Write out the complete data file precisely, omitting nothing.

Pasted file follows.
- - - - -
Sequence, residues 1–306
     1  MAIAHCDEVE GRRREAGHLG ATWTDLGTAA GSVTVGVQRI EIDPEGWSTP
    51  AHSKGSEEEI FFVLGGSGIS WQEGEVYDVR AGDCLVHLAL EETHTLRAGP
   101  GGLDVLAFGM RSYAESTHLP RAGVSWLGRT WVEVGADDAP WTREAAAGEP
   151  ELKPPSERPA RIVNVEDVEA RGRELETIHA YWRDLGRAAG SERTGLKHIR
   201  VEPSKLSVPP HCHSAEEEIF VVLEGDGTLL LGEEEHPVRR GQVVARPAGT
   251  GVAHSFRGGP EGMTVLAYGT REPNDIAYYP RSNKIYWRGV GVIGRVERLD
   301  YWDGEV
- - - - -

Sequence, residues 1–306
     1  MAIAHCDEVE GRRREAGHLG ATWTDLGTAA GSVTVGVQRI EIDPEGWSTP
    51  AHSKGSEEEI FFVLGGSGIS WQEGEVYDVR AGDCLVHLAL EETHTLRAGP
   101  GGLDVLAFGM RSYAESTHLP RAGVSWLGRT WVEVGADDAP WTREAAAGEP
   151  ELKPPSERPA RIVNVEDVEA RGRELETIHA YWRDLGRAAG SERTGLKHIR
   201  VEPSKLSVPP HCHSAEEEIF VVLEGDGTLL LGEEEHPVRR GQVVARPAGT
   251  GVAHSFRGGP EGMTVLAYGT REPNDIAYYP RSNKIYWRGV GVIGRVERLD
   301  YWDGEV